The news that Groot Constantia’s 2013 has been judged the world’s best Chardonnay (at a European competition called “Chardonnay du Monde.”) comes with two givens. The first is that it’s a pretty decent wine. The second is that the idea of determining – at a single competition or by any other method – that a wine is the best of its kind in the world is so patently ridiculous that anyone with enough intelligence to earn the R175 cost of a bottle would have to have drunk a case on the trot to fall for the claim.
I have no issue with properly run competitions – though, to be honest, the Office Internationale du Vin (OIV) rules, under which this and most other European competitions are managed and which preclude discussion between the judges, are seriously flawed. (If no comment is allowed between tasters, there’s no proper accountability and the computer averaging the scores actually makes the determination). Show results offer wine drinkers a way of making sense of the countless labels available in the market. South Africa, for example, produces between 120 and 200 different chardonnays in any vintage. A well-stocked retail outlet will offer between 600 and 1000 different wines. This means that you will be confronted by over 50 chardonnays – a bewildering array from which to choose. If you’re not walking around with a wine guide in your pocket, how can you begin to make a choice? Anything which suggests a vaguely independent quality assessment offers a way to make a qualitative sift through the selection.
This explains why the dazzling array of bottle stickers celebrating show results have become part of the merchandising of wine bottles everywhere in the world. The hyper-stores of the major UK supermarkets may list a thousand or more different wines but these represent less than 1% of the wines actually available in the UK trade and a minuscule percentage of the total number of bottled wines produced by the top twenty wine industries of the world. If, as a producer, you are “lucky” enough to get a listing at Tesco or Sainsbury’s (or rich enough to buy your way onto the shelves) you are no closer to El Dorado than the punter who has bought the Lotto ticket: you’re in the game but you have no guarantee that you’re holding the winning number.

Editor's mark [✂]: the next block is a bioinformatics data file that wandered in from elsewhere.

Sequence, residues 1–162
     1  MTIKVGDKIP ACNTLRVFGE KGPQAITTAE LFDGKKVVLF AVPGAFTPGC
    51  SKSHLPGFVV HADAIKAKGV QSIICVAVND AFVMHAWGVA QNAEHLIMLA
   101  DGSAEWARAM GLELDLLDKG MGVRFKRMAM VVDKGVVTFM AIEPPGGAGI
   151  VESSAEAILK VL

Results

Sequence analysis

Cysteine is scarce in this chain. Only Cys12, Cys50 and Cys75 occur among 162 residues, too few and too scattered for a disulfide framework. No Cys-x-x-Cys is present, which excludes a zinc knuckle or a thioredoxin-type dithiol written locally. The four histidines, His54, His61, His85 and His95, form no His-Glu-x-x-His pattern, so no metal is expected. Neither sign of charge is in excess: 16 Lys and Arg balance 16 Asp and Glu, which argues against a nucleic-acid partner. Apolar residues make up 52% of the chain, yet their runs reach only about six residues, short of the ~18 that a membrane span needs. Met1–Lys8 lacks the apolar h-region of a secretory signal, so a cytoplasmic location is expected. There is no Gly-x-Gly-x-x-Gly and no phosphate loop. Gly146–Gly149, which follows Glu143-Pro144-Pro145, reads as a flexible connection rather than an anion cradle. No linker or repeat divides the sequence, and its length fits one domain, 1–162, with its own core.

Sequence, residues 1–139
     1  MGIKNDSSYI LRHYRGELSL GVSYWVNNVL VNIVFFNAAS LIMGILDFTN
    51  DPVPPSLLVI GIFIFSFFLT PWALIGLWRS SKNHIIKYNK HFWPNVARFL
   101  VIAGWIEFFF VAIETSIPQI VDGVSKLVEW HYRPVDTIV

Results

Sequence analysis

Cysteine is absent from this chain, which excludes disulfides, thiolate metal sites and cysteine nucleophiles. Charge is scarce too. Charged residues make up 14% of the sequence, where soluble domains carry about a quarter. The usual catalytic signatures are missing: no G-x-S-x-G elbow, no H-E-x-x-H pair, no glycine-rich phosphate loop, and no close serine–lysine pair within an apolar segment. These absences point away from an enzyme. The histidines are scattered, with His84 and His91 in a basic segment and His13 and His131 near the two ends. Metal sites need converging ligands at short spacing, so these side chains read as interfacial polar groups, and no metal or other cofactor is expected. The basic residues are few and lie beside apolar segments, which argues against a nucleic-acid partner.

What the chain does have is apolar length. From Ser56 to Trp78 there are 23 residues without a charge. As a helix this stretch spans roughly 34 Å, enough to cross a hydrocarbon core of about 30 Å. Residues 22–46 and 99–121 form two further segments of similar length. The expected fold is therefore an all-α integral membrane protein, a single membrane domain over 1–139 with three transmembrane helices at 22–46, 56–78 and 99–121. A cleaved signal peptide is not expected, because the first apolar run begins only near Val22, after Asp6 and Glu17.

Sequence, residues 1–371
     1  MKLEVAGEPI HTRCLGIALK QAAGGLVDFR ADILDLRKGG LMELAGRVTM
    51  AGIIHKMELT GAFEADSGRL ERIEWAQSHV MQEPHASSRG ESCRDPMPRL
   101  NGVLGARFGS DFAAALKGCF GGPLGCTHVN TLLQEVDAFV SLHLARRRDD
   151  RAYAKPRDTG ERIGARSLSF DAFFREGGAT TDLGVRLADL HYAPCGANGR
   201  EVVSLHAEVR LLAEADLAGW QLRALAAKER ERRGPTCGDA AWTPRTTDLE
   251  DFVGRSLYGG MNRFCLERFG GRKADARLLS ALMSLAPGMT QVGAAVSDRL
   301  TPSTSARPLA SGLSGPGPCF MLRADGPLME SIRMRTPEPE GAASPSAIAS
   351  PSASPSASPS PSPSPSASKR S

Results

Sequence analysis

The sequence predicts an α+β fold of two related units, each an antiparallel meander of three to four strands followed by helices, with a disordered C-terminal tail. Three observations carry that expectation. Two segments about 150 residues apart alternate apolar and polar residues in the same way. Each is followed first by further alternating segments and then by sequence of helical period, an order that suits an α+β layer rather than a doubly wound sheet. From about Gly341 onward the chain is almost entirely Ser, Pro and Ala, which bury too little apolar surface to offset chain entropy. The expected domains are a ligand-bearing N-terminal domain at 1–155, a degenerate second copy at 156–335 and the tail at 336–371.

The 2013 Groot Constantia is a well-decorated bottle: it has a gold medal from Veritas, a Winemakers’s Choice diamond award, a Terroir awards sticker and a Classic Wine trophy. These achievements have now been crowned with the Chardonnay du Monde’s highest accolade. Winemaker Boela Gerber has every reason to be pleased. 826 wines were judged this year, 56 gold medals were awarded, of which only two were from South Africa (the second was the Fleur du Cap Unfiltered 2014).
Several of the gold medal wines were blanc de blanc Champagnes, one or two of which enjoy a bit of a reputation – which is more than can be said for the French still wines which garnered the lion’s share of the golds. Notably absent from the list of top laureates were any Meursaults, Puligny Montrachets or Corton Charlemagnes. I have to believe that this was because their producers saw no need to enter them, and not because the panellists failed to discern their virtues.
The Groot Constantia wine is indisputably good, despite the oak still dominating the fruit: it has real weight and intensity and is clearly not meant to be taken frivolously. Chardonnay is a variety that many Cape producers handle well enough to challenge the supremacy the French enjoyed well into the second half of the 20th century. It’s worth sampling the Groot Constantia – but it also makes sense to look at the other Chardonnays coming out of the Cape: Chamonix, Bartinney, Paul Cluver, Crystallum, Jordan, Glenelly wooded and unwooded, Glen Carlou (wooded and unwooded), DeMorgenzon, Rustenberg, Iona, Richard Kershaw, Ataraxia and Mulderbosch – to name but a few.